The Turkish President Recep Tayyip Erdogan has signed into law constitutional amendments aimed at giving him sweeping new powers under an executive presidency. The reforms are deeply divisive, with supporters saying they will strengthen democracy, while critics warn of dictatorship. Turks will decide in a referendum set for April 16. Doubts over its fairness are growing among opponents of the reforms, who claim a crackdown against them already has started. Leading right-wing politician Meral Aksener recently spoke at a rally to oppose the presidential constitutional reforms. The meeting ended up being held in darkness after the electricity to the venue was mysteriously cut. Aksener said she had little doubt the blackout was deliberate, shouting to the audience, “President, what you are afraid of, me as a woman opposing you and your powerful state. We look for democracy in darkness and hopefully on April 16th we will find democracy coming out of the ballots,” she later said to reporters.
Articles about voting issues in the Republic of Turkey.
Turkey will hold a referendum on April 16 on replacing its parliamentary system with the stronger presidency long sought by incumbent Tayyip Erdogan, electoral authorities announced on Saturday. The proposed constitutional reform would mark one of the biggest changes in the European Union candidate country’s system of governance since the modern republic was founded on the ashes of the Ottoman empire almost a century ago. It would enable the president to issue decrees, declare emergency rule, and appoint ministers and top state officials. It could also see Erdogan remain in power in the NATO member state until 2029. Erdogan’s supporters see the plans as a guarantee of stability at a time of turmoil, with Turkey’s security threatened by the wars in neighboring Syria and Iraq, and by a spate of Islamic State and Kurdish militant attacks.
Turkey’s President Recep Tayyip Erdogan on Saturday began campaigning for constitutional reforms that would greatly expand the powers of his office, only hours after a vote in parliament cleared the way for a national referendum on the issue. Speaking in Istanbul, he hailed the assembly’s early-morning decision saying a more powerful presidency will catapult Turkey to a position of strength. “God willing the people will give the true decision, the final decision,” Erdogan said. After an all-night session capping almost two weeks of acrimonious debate, Turkish lawmakers passed the controversial set of 18 articles. The measures still need to be approved in a national plebiscite slated for April. The bill would abolish the role of the prime minister and introduce a presidential system that critics fear lacks effective checks and balances. A change to the presidential system would be a crowning achievement for Erdogan, who has outmaneuvered and crushed all his major foes. The reforms would potentially allow him to remain in power until 2029.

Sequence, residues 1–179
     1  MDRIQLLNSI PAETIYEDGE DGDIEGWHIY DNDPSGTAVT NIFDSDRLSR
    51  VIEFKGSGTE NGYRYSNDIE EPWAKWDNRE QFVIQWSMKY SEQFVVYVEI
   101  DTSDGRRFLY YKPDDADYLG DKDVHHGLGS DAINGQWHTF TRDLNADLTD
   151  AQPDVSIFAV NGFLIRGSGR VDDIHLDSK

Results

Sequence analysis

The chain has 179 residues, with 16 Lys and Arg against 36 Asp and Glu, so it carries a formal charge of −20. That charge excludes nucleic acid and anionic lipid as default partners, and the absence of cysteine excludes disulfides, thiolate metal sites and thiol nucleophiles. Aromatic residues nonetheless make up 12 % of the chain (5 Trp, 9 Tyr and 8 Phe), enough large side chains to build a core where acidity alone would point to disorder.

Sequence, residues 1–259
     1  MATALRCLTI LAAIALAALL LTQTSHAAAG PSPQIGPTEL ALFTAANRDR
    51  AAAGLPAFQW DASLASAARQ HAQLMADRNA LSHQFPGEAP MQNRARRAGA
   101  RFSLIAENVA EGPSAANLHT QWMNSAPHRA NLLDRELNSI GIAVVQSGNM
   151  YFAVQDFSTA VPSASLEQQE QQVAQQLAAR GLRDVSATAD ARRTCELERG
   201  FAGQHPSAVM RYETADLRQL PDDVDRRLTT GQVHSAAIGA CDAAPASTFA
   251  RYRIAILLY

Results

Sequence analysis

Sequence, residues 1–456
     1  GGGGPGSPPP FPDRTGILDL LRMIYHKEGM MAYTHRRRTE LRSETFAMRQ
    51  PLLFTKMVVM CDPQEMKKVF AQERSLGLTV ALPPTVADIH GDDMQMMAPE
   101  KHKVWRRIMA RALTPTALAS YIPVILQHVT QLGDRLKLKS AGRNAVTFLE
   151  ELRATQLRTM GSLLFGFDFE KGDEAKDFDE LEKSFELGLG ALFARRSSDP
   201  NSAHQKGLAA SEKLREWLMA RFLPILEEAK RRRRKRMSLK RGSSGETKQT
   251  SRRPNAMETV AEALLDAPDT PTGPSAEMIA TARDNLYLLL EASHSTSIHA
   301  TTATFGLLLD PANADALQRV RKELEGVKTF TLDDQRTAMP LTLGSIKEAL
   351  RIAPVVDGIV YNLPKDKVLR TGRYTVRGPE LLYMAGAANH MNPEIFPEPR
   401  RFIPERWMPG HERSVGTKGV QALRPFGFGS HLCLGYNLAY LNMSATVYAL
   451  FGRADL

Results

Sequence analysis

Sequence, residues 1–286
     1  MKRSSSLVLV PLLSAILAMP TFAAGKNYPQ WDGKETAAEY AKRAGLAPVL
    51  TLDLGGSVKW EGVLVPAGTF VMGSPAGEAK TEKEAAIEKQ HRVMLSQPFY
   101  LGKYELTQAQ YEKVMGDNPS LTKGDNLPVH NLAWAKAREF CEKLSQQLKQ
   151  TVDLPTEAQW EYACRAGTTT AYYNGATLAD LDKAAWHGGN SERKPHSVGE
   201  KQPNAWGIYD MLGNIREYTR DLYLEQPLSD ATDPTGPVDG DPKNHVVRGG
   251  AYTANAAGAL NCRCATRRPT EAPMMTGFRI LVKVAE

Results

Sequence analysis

Turkey edged closer to adopting a constitutional bill extending President Tayyip Erdogan’s powers overnight, with parliament approving four more articles of a reform which opponents see as a step towards an authoritarian state. Erdogan, who could rule the European Union candidate country until 2029 if the legislation is passed, says it will provide stability at a time of turmoil and prevent a return to the fragile coalitions of the past. During the evening debate an independent lawmaker, Aylin Nazliaka, handcuffed herself to the podium in protest against the stronger presidency, triggering a scuffle between MPs of the ruling AK Party and opposition parties. The reform would enable the president to issue decrees, declare emergency rule, appoint ministers and top state officials and dissolve parliament – powers that the two main opposition parties say strip away balances to Erdogan’s power.
Turkey’s parliament approved the first seven articles in a second round of voting overnight on a constitutional bill that will extend President Tayyip Erdogan’s powers, keeping the reform on course for a spring referendum. The two largest opposition parties in parliament say the 18-article bill, which could enable Erdogan to rule until 2029, will fuel authoritarianism in the NATO member and European Union candidate country. The ruling AK Party, backed by the nationalist MHP, says it will bring the strong executive leadership needed to prevent a return to the fragile coalition governments of the past.